Navigant Research Blog

Sizing Up the Community and Residential Energy Storage Market

Anissa Dehamna — June 8, 2012

In an earlier blog post, I explained that the community and residential energy storage sector may be exactly what the storage industry needs for widespread adoption: a market that expects more from storage, and hopefully, is willing to pay for it.  So what is this market worth, realistically?

There are three key characteristics that make the CRES market distinct from the rest of the storage market.  First, the CRES market will require new business models, different from those we’ve seen to date in the storage industry.  This is partly because the residential side of the CRES market will mean selling directly to consumers, instead of to businesses.  It also has to do with the size of the storage units participating in this market.  Most units are between 1 kilowatt (kW) and 25 kW; even with hundreds of units, that’s a drop in the bucket compared to the total generation capacity of a system (by way of comparison, Korea, Texas, and the United Kingdom each have a generation capacity of about 70 GW).  Will a home-based system supply power back to the grid? It should, it would make sense, but how does the grid operator compensate the residential customer?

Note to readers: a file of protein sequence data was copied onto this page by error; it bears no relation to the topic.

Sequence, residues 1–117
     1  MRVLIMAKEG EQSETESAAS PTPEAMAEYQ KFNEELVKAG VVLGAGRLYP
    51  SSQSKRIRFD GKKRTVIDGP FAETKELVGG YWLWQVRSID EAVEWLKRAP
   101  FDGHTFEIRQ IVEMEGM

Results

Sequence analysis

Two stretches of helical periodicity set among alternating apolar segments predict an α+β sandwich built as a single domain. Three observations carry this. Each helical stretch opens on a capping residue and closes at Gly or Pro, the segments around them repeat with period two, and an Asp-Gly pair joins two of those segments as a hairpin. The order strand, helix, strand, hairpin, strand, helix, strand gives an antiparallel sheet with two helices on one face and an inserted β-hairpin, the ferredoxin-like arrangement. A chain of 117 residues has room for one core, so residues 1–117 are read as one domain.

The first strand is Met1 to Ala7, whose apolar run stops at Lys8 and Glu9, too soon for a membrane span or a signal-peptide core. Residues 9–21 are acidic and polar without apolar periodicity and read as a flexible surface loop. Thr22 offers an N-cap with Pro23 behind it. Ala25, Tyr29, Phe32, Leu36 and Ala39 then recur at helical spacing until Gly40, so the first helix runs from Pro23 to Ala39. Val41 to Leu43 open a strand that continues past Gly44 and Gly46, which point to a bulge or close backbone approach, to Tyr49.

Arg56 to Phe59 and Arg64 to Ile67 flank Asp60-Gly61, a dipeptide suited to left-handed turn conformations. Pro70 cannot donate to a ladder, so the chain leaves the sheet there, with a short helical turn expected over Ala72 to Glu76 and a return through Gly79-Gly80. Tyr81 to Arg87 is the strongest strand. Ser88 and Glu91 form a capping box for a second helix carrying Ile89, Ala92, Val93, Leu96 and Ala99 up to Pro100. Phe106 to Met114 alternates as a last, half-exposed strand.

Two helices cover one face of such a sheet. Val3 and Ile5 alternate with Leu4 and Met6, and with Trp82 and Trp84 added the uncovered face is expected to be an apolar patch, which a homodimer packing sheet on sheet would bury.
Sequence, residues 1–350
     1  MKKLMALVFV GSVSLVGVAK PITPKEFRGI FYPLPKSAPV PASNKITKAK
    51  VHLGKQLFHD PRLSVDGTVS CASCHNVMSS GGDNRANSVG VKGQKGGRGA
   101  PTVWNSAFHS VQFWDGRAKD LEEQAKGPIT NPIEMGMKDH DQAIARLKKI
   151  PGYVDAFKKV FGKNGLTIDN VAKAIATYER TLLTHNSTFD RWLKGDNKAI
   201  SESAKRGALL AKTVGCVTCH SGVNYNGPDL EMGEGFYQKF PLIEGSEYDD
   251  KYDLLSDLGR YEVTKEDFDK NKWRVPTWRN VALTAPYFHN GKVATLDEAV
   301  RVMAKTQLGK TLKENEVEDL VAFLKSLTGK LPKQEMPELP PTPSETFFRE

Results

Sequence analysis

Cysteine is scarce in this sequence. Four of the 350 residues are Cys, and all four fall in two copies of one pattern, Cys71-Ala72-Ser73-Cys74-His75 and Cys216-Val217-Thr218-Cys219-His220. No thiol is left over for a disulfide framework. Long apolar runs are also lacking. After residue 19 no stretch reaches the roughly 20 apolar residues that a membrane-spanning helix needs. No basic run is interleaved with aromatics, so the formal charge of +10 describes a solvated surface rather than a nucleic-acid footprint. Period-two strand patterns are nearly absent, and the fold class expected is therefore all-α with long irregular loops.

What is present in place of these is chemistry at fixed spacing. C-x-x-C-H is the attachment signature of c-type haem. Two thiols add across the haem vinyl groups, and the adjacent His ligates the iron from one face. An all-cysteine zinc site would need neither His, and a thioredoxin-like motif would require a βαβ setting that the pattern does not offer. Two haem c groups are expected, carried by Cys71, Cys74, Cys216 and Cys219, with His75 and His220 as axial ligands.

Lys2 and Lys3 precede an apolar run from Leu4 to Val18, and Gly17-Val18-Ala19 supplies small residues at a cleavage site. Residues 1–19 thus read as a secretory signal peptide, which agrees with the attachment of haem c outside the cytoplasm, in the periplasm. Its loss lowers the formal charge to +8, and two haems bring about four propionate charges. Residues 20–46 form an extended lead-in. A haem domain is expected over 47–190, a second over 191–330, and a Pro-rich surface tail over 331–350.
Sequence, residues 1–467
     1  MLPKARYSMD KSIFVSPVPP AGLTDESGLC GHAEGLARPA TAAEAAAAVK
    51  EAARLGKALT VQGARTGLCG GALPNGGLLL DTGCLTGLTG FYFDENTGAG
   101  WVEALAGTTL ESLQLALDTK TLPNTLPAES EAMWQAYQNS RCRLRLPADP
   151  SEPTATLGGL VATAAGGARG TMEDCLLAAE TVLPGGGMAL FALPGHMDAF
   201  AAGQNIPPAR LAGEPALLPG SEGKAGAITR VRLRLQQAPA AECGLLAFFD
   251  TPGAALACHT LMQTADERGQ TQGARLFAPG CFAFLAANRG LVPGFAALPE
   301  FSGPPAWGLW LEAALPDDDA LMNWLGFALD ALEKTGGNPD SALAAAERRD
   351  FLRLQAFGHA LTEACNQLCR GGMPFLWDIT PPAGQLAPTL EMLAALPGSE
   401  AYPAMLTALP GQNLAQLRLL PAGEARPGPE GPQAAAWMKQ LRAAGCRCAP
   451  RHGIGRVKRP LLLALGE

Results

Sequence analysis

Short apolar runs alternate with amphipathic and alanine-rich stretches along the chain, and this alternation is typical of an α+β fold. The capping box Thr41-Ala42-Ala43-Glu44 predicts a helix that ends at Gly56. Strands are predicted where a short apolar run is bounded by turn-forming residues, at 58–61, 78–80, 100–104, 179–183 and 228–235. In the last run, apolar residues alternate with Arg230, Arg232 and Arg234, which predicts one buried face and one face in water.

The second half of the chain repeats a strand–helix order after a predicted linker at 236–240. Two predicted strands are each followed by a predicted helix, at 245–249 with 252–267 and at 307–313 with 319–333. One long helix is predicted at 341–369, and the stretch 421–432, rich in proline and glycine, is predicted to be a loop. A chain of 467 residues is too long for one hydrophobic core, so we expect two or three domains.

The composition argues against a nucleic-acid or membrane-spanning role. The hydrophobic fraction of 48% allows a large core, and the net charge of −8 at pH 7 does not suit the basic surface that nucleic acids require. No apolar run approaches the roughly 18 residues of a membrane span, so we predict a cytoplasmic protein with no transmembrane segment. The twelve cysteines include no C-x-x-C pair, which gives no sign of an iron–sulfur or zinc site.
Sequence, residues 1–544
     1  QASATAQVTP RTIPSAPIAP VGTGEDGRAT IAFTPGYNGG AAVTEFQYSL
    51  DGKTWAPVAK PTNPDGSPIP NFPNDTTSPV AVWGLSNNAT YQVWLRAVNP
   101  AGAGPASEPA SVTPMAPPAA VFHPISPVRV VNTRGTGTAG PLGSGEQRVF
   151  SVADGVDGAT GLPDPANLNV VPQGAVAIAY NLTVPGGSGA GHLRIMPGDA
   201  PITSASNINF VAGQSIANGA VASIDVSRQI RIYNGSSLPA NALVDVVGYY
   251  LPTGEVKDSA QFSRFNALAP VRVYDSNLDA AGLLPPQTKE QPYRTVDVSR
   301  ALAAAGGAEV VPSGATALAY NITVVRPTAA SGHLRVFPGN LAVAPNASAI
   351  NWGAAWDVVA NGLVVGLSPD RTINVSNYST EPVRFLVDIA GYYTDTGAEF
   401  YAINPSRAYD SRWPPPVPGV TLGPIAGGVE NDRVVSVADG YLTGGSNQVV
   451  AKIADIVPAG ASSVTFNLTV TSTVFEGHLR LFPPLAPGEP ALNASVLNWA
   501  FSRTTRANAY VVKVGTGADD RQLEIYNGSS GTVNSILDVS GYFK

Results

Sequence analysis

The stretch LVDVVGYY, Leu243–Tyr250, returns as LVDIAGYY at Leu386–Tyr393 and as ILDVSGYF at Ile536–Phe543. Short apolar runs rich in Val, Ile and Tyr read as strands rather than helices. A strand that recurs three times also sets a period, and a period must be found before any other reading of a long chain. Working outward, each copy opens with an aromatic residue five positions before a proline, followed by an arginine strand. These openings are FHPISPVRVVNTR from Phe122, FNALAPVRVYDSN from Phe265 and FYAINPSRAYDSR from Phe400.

Second, we’re now seeing pilots and demonstrations in Asia Pacific, North America, and Europe.  Each case has slightly different goals, but nevertheless key utilities in each of these regions is trying to understand the value of CRES.

The third key characteristics that makes the CRES market unique is the importance of dynamic pricing – at least for the residential portion of the CRES market.  Why will residential electricity consumers install a battery in their homes? To save themselves money.  In markets without dynamic pricing (by which I mean any pricing structure that is not flat-rate) there is no differentiation between consuming electricity in the dead of night or during peak time in the late afternoon.  Unfortunately for the market, many dynamic pricing programs, like the Tempo program offered by EDF in France, are opt-in.  This program sends very clear pricing signals to residential customers.

Given all of these challenges, our forecasts for the CRES market are fairly modest compared the markets for long-duration storage or energy storage for ancillary services.

While these figures are not perhaps what the industry would like to see, I fully expect we will be revising our forecasts for the CRES sector upwards as these key market issues resolve in the next two years.

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